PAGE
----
Washington Navy Yard shooting: 13 people killed, including gunman


Aaron Alexis, 34, of Fort Worth, Texas was killed following a shoot-out with D.C. and U.S. Park police.

Law enforcement from several agencies including the F.B.I., D.C. police, U.S. Capital police and military police responded to reports of multiple shots fired around 8:20 a.m.

Witnesses described a gunman opening fire from a fourth-floor overlook, aiming down on people in the first-floor cafeteria. Others said a gunman fired at them in a third-floor hallway.

Patricia Ward, a logistics-management specialist, said she was in the cafeteria getting breakfast.

"It was three gunshots straight in a row - pop, pop, pop. Three seconds later, it was pop, pop, pop, pop, pop, so it was like about a total of seven gunshots, and we just started running," Ward told reporters several blocks away from the Navy Yard.

Ward said security officers started directing people out of the building with guns drawn.

U.S. Park police helicopters dipped down to the roof of a Navy building and lifted people out in baskets.

A shelter-in-place was immediately ordered at the Naval Sea Systems Command's headquarters, where about 3,000 people work.

The 34-year-old, born in Queens, N.Y., was said to be carrying an AR-15, double barrel shotgun and third handgun during Monday's rampage.

No indication of a possible motive is known at this time. Authorities say they will examine all possible motives, including terrorism.

"We don't know what the motive is at this stage. Obviously, we will continue to seek information about what the motive is, but we don't have any reason at this stage to suspect terrorism, but certainly it has not been ruled out," said D.C. Mayor Vincent Gray.

In addition to those killed at the Navy Yard, eight people were hurt, including three who were shot and wounded, according to the mayor. Those three were a police officer and two female civilians, authorities said. They were all expected to survive.

Officials said the victims who died ranged in age from 46 to 73 years old. No victims were active duty military personnel; all are described as civilians and contractors:

- Michael Arnold, 59

- Sylvia Fraiser, 53

- Kathy Gaarde, 62

- John Roger Johnson, 73

- Frank Kohler, 50

- Kenneth Bernard Proctor, 46

- Vishnu Pandit, 61

The names of the rest are being withheld pending next of kin notification.

Shooting suspect was in Navy reserves

Police said the gunman used a valid pass to get onto the base before launching the attack. Sources tell ABC News that Alexis' rental car was found on the naval base. So it's looking increasingly likely he drove legally onto the base with a semi-automatic rifle inside his own vehicle.

Alexis worked for Hewlett-Packard as an IT subcontractor for the Navy, the company said. He was an employee of a company called "The Experts" that refreshed equipment used on the Navy Marine Corps Intranet network. It was unclear if he was working at the Navy Yard itself.

"We are deeply saddened by today's tragic events at the Washington Navy Yard," an HP spokesperson said in a statement. "HP is cooperating fully with law enforcement as requested."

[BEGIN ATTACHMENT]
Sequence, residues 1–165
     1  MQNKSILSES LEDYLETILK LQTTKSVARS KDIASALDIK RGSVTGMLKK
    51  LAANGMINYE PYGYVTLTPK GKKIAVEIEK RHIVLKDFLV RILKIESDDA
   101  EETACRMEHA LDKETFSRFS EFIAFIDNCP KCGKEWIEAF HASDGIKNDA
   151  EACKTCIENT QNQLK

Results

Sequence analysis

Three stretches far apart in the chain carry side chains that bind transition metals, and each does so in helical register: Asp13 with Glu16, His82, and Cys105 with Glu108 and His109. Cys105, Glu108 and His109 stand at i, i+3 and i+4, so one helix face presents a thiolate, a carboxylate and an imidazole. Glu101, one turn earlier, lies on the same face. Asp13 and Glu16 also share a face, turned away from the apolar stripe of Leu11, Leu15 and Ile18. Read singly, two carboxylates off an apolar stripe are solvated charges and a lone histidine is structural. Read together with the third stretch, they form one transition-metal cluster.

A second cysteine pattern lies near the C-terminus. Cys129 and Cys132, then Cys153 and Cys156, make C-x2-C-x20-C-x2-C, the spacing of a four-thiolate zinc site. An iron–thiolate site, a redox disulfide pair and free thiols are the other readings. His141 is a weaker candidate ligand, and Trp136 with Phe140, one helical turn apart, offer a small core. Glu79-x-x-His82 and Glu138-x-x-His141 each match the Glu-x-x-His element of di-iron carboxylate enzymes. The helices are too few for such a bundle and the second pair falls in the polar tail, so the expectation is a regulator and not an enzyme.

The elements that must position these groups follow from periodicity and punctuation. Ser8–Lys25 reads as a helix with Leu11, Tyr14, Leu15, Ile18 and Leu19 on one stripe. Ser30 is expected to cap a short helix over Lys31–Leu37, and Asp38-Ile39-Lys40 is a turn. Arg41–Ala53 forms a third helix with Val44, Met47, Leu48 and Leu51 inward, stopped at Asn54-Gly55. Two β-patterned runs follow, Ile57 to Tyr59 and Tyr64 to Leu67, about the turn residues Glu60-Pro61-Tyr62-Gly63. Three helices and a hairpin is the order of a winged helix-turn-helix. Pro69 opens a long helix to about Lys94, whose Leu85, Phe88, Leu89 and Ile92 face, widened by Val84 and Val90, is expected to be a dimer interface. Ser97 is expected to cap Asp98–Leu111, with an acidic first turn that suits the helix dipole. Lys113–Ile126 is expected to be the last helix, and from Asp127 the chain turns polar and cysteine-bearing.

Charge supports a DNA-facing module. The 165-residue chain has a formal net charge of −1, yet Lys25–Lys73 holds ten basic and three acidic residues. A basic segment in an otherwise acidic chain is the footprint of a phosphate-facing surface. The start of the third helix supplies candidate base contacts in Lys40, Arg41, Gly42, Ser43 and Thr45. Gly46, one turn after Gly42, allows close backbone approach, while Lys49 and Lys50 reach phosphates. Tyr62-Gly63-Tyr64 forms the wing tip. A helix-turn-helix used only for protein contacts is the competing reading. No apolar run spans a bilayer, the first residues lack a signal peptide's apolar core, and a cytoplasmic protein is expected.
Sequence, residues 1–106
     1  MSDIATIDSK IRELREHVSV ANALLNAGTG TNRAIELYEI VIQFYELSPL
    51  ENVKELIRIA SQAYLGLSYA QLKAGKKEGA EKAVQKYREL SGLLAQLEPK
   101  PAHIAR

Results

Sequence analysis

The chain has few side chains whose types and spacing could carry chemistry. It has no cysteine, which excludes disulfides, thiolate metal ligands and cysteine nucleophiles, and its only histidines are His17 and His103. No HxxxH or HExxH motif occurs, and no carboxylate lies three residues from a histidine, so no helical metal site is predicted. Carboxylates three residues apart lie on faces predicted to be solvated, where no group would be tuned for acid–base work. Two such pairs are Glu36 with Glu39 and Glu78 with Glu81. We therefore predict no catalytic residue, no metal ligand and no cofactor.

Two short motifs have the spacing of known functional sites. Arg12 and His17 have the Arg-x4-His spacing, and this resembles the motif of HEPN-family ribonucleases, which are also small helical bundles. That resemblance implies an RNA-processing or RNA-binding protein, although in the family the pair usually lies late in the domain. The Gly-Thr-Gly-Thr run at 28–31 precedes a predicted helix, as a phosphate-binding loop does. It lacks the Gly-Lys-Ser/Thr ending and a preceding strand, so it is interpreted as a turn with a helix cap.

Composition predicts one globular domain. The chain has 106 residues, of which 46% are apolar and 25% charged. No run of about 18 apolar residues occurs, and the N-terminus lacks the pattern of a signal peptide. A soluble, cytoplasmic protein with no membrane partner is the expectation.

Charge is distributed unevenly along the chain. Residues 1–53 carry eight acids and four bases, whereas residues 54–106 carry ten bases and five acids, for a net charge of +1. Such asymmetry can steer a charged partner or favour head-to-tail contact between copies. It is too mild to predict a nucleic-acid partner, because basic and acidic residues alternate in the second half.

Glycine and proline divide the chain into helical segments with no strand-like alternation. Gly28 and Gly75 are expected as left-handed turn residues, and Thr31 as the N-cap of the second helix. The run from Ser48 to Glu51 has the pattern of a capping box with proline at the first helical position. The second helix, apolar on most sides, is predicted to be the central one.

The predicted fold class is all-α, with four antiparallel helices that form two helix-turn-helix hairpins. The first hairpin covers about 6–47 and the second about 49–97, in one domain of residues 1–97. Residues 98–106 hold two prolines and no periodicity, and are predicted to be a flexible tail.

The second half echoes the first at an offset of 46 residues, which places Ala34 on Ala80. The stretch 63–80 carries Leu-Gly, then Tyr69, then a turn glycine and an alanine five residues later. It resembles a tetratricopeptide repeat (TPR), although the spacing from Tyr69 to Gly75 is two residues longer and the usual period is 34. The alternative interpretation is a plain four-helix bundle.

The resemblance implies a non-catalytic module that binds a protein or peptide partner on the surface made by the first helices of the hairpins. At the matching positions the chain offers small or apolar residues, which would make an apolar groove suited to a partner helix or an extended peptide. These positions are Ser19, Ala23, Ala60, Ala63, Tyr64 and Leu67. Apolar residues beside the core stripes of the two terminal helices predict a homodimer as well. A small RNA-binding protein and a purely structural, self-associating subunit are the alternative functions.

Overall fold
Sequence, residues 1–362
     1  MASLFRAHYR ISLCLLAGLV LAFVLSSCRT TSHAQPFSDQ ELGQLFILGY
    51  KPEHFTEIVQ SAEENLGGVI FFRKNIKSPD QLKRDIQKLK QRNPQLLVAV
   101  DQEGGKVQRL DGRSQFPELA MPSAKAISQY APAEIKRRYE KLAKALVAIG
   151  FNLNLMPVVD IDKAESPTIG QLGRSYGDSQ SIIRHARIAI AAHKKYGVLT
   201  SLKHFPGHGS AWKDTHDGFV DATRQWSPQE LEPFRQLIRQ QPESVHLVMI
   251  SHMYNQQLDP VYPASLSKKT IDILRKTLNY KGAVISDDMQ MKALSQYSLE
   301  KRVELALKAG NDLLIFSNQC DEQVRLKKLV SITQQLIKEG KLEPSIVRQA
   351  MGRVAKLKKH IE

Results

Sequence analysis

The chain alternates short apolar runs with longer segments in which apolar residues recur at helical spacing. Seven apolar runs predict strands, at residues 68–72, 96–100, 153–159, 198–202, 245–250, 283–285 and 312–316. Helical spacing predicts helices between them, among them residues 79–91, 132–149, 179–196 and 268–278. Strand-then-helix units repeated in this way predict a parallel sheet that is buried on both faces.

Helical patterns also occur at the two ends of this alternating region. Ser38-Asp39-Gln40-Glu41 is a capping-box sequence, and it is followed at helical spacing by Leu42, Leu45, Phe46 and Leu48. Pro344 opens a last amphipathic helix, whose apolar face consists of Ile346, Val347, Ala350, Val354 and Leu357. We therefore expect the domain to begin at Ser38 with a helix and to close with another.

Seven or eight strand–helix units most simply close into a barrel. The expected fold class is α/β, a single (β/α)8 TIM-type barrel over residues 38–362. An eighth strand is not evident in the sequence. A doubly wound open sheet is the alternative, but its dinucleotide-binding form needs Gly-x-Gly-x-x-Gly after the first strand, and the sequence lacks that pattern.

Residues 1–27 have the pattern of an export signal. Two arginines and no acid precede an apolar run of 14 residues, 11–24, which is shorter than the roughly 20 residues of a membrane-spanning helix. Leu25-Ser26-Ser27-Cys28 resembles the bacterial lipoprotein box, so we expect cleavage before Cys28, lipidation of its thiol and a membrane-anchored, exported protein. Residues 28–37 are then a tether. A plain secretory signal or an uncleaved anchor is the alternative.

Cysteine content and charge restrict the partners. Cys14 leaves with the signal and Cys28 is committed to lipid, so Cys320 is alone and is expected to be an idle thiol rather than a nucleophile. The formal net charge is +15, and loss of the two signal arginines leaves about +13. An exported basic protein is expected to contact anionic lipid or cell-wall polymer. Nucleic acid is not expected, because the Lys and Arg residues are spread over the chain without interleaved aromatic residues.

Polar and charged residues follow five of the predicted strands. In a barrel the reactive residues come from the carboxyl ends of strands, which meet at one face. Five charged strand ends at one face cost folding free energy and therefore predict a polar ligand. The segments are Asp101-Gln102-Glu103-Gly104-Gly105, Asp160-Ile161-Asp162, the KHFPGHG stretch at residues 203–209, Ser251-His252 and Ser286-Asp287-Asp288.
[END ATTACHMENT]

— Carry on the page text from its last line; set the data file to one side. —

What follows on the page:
Alexis was a former full-time Navy reservist from 2007 to 2011. He was detached from service in January of 2011 for a series of misconduct issues, according to a Navy official. No other information was released.

Alexis reached the rank of Aviation Electrician's Mate 3rd Class. He left with a general, not an honorable, discharge.

"If he got out under good terms, it should have said honorable discharge, and yet it said general discharge," said retired Marine Lt. Col. Hal Kempfer. "What it tells me is he had a rather checkered career in the Navy, if you will. Something went wrong."

Kempfer says that past wouldn't necessarily stop him from working at the Navy Yard recently as a civilian contractor.

"Once you have a military I.D. card and work at the base, there is an assumption you're just supposed to be there," said Kempfer.

Alexis was most recently stationed at Naval Air Station Fort Worth where he worked for the fleet logistics support squadron No. 46, according to Lt. Cmdr. Sarah Blansett, a Navy spokesman.

Alexis' friends and family said they are shocked. They say he was not a violent, loner type.

"He seemed like the kind of guy that liked to have weapons, but he never acted like he would hurt anyone," said his friend, Michael Rotrovato.

Shooting suspect was arrested in the past

According to Tarrant County, Texas officials, the deceased gunman was arrested on Sept. 4, 2010 on accusations he recklessly discharged a firearm inside the limitations of municipality.

Officials learned that Alexis was cleaning a gun in his apartment when it went off and a bullet entered an upstairs apartment. No one was injured and the case was dropped.

Police in Seattle say they arrested Alexis in 2004 for shooting out the tires of a car. Detectives say the car belonged to construction workers who had parked it near a home where Alexis was staying.

When police later arrested Alexis, he claimed the construction workers had disrespected him. Alexis said it triggered an anger-fueled blackout and that he didn't even remember firing his weapon until an hour later.